Montana 




— Peaks of unusual shape — Precipices thousands of feet 
deep — Almost sensational scenery of marked individuality 
— Fine trout fishing. 


Rocky Mountain 


North 


358 


Heart of the Rockies — Snowy range, peaks 11,000 to 14,250 


1915 


middle 
Colorado 




feet altitude — Remarkable records of glacial period. 



National Parks of less popular interest are: 

Sully's Hill, 1904, North Dakota Wooded hilly tract on Devil's Lake. 

Wind Cave, 1903, South Dakota Large natural cavern. 

Casa Grande Ruin, 1892, Arizona Prehistoric Indian ruin. 



HOW TO REACH THE NATIONAL PARKS 



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NATIONAL PARKS 



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Worth 



TEXAS 



PRINCIPAL RAILROAD CONNECTIONS 




San Antonio 



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•Galveston 



The map shows the location of all of our National Parks and their principal railroad connections. 
The traveler may work out his routes to suit himself. Low round-trip excursion fares to th( 
American Rocky Mountain region and Pacific Coast may be availed of in visiting the National 
Parks during their respective seasons, thus materially reducing the cost of the trip. Trans-! 
continental through trains and branch lines make the Parks easy of access from all parts of the 
United States. For schedules and excursion fares to and between the National Parks write to the] 
Passenger Departments of the railroads which appear on the above map, as follows:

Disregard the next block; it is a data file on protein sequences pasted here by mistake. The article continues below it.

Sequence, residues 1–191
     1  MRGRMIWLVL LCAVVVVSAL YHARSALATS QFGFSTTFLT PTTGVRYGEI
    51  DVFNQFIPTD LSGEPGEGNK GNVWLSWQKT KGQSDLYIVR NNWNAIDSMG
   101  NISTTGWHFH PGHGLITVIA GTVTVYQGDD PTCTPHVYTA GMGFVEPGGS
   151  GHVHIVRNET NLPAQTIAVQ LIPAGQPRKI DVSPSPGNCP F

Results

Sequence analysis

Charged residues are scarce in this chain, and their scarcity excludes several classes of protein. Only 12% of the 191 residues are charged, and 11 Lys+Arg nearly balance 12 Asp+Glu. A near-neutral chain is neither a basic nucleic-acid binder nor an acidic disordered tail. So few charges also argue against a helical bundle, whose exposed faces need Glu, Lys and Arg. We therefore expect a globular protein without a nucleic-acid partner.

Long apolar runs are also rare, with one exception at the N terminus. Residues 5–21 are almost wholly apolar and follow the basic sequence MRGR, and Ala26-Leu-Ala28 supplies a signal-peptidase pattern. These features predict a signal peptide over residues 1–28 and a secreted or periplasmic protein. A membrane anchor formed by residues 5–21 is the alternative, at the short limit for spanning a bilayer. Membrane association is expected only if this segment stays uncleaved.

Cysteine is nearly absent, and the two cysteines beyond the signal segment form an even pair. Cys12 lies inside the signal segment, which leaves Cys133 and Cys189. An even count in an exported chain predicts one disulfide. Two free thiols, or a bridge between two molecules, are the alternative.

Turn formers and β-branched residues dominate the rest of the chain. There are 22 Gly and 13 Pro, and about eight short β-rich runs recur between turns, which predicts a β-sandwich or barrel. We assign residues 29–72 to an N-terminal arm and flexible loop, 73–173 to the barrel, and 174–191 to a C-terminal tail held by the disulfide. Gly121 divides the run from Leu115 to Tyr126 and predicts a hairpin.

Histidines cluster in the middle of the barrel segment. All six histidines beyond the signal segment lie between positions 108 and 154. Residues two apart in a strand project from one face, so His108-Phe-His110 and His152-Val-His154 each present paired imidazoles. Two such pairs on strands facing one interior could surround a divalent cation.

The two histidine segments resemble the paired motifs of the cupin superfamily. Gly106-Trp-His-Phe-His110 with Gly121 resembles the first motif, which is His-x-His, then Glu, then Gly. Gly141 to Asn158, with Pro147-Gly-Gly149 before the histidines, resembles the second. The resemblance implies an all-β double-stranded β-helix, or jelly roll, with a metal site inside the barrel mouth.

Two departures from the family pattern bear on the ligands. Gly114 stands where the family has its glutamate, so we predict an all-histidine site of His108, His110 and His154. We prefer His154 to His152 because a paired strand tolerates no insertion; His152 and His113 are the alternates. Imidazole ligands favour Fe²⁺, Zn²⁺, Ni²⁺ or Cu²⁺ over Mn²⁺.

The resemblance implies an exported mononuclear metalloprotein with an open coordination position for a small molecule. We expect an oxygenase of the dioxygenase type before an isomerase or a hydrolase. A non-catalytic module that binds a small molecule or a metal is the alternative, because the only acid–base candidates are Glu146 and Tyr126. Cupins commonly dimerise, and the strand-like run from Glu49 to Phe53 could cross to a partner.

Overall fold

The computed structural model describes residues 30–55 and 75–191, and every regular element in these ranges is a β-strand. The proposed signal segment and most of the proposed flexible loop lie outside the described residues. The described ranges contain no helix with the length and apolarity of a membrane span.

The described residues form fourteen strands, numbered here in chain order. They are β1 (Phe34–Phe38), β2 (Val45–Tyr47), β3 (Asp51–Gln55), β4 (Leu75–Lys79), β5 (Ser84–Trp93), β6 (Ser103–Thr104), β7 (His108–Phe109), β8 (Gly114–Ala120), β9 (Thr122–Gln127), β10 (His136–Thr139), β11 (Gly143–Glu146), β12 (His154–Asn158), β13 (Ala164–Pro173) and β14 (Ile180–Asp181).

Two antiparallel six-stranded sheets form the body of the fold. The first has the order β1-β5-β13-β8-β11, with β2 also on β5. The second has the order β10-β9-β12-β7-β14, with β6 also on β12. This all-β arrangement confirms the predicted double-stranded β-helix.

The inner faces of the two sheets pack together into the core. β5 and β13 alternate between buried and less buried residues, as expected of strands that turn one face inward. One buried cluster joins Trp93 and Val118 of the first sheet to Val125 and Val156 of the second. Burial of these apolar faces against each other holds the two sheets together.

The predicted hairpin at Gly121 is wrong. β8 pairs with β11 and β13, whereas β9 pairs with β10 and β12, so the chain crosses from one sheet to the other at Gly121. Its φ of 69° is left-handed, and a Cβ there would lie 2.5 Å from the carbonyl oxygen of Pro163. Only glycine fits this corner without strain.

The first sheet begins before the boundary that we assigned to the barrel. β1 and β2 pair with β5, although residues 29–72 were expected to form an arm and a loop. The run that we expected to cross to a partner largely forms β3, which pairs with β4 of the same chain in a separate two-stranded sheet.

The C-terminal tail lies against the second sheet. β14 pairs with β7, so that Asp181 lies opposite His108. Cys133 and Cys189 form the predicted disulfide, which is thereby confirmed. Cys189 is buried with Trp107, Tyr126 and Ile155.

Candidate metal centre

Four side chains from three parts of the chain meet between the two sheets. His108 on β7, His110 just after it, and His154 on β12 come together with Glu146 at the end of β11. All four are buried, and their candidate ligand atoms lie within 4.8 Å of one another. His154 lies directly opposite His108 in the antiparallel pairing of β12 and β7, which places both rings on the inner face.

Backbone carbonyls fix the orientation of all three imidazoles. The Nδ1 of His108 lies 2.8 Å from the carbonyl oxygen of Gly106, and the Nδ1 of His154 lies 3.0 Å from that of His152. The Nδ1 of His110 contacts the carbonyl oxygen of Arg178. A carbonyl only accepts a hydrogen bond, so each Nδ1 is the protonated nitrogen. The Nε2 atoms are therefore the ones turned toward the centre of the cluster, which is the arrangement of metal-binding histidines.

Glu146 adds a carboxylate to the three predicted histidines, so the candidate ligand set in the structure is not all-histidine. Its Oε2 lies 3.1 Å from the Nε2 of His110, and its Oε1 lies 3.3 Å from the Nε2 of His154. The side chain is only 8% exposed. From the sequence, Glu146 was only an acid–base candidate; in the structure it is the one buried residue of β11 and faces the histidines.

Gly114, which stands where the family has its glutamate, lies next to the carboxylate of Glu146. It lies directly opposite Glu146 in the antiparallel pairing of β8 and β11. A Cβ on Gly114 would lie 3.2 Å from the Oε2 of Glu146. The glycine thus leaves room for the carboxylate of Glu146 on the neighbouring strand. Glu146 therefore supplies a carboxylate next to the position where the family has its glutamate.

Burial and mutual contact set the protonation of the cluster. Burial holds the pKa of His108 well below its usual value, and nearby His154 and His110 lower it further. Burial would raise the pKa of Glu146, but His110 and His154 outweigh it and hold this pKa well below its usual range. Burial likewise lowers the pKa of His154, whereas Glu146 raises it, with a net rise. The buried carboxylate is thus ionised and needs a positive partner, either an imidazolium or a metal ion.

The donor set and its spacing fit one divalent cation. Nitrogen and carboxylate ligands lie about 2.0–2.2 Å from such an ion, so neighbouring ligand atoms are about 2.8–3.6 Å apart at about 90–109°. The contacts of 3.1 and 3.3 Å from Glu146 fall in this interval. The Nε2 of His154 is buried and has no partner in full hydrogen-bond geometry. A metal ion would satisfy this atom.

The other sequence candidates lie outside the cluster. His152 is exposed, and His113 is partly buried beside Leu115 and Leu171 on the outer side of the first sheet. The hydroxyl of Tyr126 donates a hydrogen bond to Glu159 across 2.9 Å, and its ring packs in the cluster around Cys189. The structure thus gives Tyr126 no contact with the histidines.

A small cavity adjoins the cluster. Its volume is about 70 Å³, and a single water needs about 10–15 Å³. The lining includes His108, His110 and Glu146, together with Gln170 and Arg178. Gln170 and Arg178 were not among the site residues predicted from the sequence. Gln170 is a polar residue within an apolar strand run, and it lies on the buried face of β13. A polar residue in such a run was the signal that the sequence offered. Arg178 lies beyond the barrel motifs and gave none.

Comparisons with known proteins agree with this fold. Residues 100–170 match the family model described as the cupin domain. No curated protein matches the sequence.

Arizona Eastern Railroad --------------- Tucson, Ariz. 

Atchison, Topeka & Santa Fe Railway ------ - 1 119 Railway Exchange, Chicago, 111. 

Chicago & North Western Railway ------- 226 West Jackson Boulevard, Chicago, 111. 

Chicago, Burlington & Quincy Railroad Co. - 547 West Jackson Boulevard, Chicago, 111. 

Chicago, Milwaukee & St. Paul Railway ------- Railway Exchange, Chicago, 111. 

Colorado and Southern Railway ------- Railway Exchange Building, Denver, Colo. 

Denver & Rio Grande Railroad Co. ------- Equitable Building, Denver, Colo. 

Great Northern Railway ----- Railroad Building, Fourth and Jackson Streets, St. Paul, Minn. 

Gulf, Colorado & Santa Fe Railway ----------- Galveston, Texas. 

Illinois Central Railroad ----------- Central Station, Chicago, 111. 

Missouri Pacific Railway -------- Railway Exchange Building, St. Louis, Mo. 

Northern Pacific Railway - Railroad Building, Fifth and Jackson Streets, St. Paul, Minn. 

San Pedro, Los Angeles & Salt Lake Railroad - - - Pacific Electric Building, Los Angeles, Calif. 
Southern Pacific Company -__-_--__ Flood Building, San Francisco, Calif. 

Union Pacific System ------ Garland Building, 58 East Washington Street, Chicago, 111. 

Wabash Railway ----------- Railway Exchange Building, St. Louis, Mo. 

Western Pacific Railway ---------- Mills Building, San Francisco, Calif. 

For information about sojourning and traveling within the National Parks write to the Depart 
ment of the Interior for the Information circular of the Park or Parks in which you are interested 



REMEMBER THAT 

CRATER LAKE BELONGS TO YOL 

IT IS ONE OF THE GREAT NATIONAL PLAYGROUNDS OF THE AMERICAN PEOPLI 
FOR WHOM IT IS ADMINISTERED BY THE DEPARTMENT OF THE INTERIOl 

PRESS OF CHARLES SCRIBNBR'S SONS, NBW YORK 




THE 



MESA VERDE 



NATIONAL PARK 



DEPARTMENT OF THE INTERIOR 
Franklin K. Lane, Secretary 




Government Road to the Celebrated Prehistoric Ruins 

Showing the woods which justify the title Mesa Verde (Green Mesa) 




Yesterday and To-Day 



CITIES OF THE PAST 




|NE December day in 1888 Richard and Alfred Wetherell, searching 
for lost cattle on the Mesa Verde, near their home at Mancos, 
Colorado, pushed through dense growths on the edge of a deep 
canyon and shouted aloud in astonishment. Across the canyon, 
tucked into a shelf under the overhanging edge of the opposite brink, were the